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The Idiot Brain: A Neuroscientist Explains What Your Head Is Really Up To

Curiouser and Curiouser

Kylie Sturgess

April 5, 2016

The Idiot Brain: A Neuroscientist Explains What Your Head Is Really Up To—Interview with Dean Burnett

Dr. Dean Burnett is a neuroscientist working as a tutor and lecturer based at Cardiff University’s Institute of Psychological Medicine and Clinical Neurosciences. His Guardian science blog, Brain Flapping, has been viewed over thirteen million times in the last three years—and now he has a new book out called The Idiot Brain: A Neuroscientist Explains What Your Head Is Really Up To.

Unpredictable and entertaining, Burnett’s account gives us up-to-date research and the principles of neuroscience along the way. Looking at memory, intelligence, observation, social interaction, and personality, Burnett explains why memory is like a doting mother; tall people are more intelligent; criticism is more powerful than praise; and much more.


Kylie Sturgess: It’s an interesting start to the book—it has lots of apologies! Did the introduction really start at the beginning, or did you look over your body of work and look back on it and think, “Oh yes, I really have to apologize for everything now.”

Dean Burnett: No. I looked at them in chronological order, and in fact the introduction was the first thing I wrote. I know some people do write chapters and go back to the originals and reject their earlier stuff and that’s fine, but that’s not how I tend to do things. I haven’t written a book before, so I thought I’d stick to the logical structure.

I’m not the most confident in my writing in that—I think I can do it, just I’m not sure anyone else will like it. I feel like in advance I should apologize to anyone who doesn’t like it because they’ve spent money on it this time. When I’m doing blogs and things, obviously it’s just a few clicks of a search engine and that’s all you’ve lost. You can go a few minutes of your time perhaps and you can forget all about it, but when you’ve invested money in a book, I feel like I owe you something. If I let them down, then I feel like the first thing I should do is apologize!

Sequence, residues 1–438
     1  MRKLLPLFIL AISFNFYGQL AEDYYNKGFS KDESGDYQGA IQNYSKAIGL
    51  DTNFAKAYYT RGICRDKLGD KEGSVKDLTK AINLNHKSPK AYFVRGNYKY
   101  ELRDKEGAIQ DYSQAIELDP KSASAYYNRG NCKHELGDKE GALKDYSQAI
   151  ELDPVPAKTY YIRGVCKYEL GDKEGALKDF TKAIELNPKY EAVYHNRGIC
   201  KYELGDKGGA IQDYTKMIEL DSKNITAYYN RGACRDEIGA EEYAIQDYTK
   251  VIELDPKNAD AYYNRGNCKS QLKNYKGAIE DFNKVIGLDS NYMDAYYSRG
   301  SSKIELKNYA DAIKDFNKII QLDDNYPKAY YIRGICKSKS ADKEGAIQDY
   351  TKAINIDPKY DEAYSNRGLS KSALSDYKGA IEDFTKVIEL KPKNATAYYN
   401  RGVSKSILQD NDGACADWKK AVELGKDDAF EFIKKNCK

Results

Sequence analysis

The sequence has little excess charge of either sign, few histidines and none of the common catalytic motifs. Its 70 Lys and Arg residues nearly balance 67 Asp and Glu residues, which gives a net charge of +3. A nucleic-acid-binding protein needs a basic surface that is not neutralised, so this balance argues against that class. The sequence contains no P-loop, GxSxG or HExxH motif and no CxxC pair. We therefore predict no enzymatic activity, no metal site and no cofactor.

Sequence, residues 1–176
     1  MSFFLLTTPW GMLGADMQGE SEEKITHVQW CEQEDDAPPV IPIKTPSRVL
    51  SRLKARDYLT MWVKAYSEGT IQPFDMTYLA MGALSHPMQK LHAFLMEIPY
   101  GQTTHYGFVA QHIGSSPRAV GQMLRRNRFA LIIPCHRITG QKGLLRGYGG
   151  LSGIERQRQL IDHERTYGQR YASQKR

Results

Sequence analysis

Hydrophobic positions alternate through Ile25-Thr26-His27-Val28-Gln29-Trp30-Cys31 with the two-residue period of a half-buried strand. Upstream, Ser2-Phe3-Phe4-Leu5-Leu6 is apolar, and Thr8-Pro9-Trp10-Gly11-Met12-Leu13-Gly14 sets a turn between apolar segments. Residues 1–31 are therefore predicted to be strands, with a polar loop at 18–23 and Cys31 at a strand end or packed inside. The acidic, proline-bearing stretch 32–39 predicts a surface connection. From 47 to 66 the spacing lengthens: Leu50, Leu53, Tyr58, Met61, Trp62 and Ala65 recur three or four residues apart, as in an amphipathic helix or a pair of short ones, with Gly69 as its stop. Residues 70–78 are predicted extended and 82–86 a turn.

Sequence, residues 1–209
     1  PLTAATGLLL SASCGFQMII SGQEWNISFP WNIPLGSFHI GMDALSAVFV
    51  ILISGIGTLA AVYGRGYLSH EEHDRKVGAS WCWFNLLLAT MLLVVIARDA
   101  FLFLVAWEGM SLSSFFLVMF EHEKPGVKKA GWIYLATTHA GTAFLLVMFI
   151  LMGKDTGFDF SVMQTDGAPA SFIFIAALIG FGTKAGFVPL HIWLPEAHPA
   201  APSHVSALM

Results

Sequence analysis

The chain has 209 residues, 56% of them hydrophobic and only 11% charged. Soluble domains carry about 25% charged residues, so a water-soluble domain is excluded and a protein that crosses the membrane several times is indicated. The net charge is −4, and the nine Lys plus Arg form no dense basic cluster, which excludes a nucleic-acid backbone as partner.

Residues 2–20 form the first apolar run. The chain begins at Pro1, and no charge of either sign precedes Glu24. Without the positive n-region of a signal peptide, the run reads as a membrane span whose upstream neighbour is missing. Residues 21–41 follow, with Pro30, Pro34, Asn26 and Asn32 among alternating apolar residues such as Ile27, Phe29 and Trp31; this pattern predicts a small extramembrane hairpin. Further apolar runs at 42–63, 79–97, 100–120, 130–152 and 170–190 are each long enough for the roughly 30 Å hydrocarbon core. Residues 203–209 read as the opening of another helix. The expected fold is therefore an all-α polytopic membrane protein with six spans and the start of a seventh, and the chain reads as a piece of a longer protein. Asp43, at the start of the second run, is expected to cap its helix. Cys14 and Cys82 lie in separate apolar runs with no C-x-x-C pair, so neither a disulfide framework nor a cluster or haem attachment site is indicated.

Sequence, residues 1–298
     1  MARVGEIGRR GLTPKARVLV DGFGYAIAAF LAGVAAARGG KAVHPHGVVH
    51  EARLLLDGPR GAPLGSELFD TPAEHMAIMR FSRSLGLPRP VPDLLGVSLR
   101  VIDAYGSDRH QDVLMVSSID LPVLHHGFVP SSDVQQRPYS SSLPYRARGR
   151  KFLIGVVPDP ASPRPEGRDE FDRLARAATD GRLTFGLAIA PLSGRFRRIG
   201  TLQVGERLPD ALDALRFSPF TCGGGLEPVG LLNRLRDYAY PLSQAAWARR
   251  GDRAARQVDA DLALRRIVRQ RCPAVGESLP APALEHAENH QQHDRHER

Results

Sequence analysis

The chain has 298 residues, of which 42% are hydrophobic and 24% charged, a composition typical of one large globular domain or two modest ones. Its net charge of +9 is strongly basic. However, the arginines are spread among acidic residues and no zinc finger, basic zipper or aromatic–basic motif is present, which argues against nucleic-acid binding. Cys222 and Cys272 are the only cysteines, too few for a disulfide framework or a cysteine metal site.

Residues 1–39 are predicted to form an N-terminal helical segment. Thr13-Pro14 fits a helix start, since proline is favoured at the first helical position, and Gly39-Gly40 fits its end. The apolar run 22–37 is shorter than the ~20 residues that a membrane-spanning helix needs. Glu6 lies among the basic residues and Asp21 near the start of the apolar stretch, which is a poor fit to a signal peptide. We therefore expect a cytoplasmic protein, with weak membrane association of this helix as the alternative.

Also I’m not the most self-aggrandizing of scientists. I’m aware that I’m a capable scientist, but I’m not one of these flashy lead researchers setting the field aflame and stuff. I am more a communicator and teacher. People who write books tend to be the big names—the big shots—and I’m not one of those. So someone [who] picks this up thinking I am—that I’m one of the leading minds in neuroscience—is going to be sorely disappointed.

Again, I feel like I should apologize for that! Various different things I feel needed an apology before they’d even happened. So that’s where that came from.

Sturgess: Did your blogging influence the book?

Burnett: More than influenced it, it came from it. In fact, I hadn’t had any plans to write the book. It’s one of those things of, “Maybe one day I’ll write a book,” and I hadn’t really gotten beyond that point in thinking, “I’ll need the time to write a book. I’ll need the interest of people to go and do it,” because I like writing. I really enjoy it, but I’m not so interested in things like “I have things that people need to hear!”

I don’t have one of those burning ambitions and desires. It’s something I just enjoy doing and seemed to have a bit of a knack for. I hadn’t planned to write a book because I thought, “Well, a blog, that’s what I’ll do.” Then this guy who said he was an agent got in touch and said “Well, who’s going to write the book?” I thought, “Do you think I could?” and it turns out he did. I assumed he was a scammer of some sort. “I can publish your book at just nine hundred dollars.”

I thought, “Yeah, that’s slick. You’re not a Nigerian banker this time, very good!” Though it turned out that he was legit, so he talked me through the process of suggesting a book—and I didn’t actually want to write a brain book. That’s something people tend to be surprised by because back from the earliest [point], I thought there were plenty of brain books out there.

The attitudes to these brain books I’ve read is always one of reverence and mystery and “Oh, it’s amazing. It’s powerful. It’s beyond our knowledge and we should fall down and worship at the feet of the brain!”—if that makes any sense because obviously the brain makes us do that. It’s kind of self-referential, and as someone who works with the brain, I don’t share that enthusiasm and this reverence for it because I know how ridiculous it can be.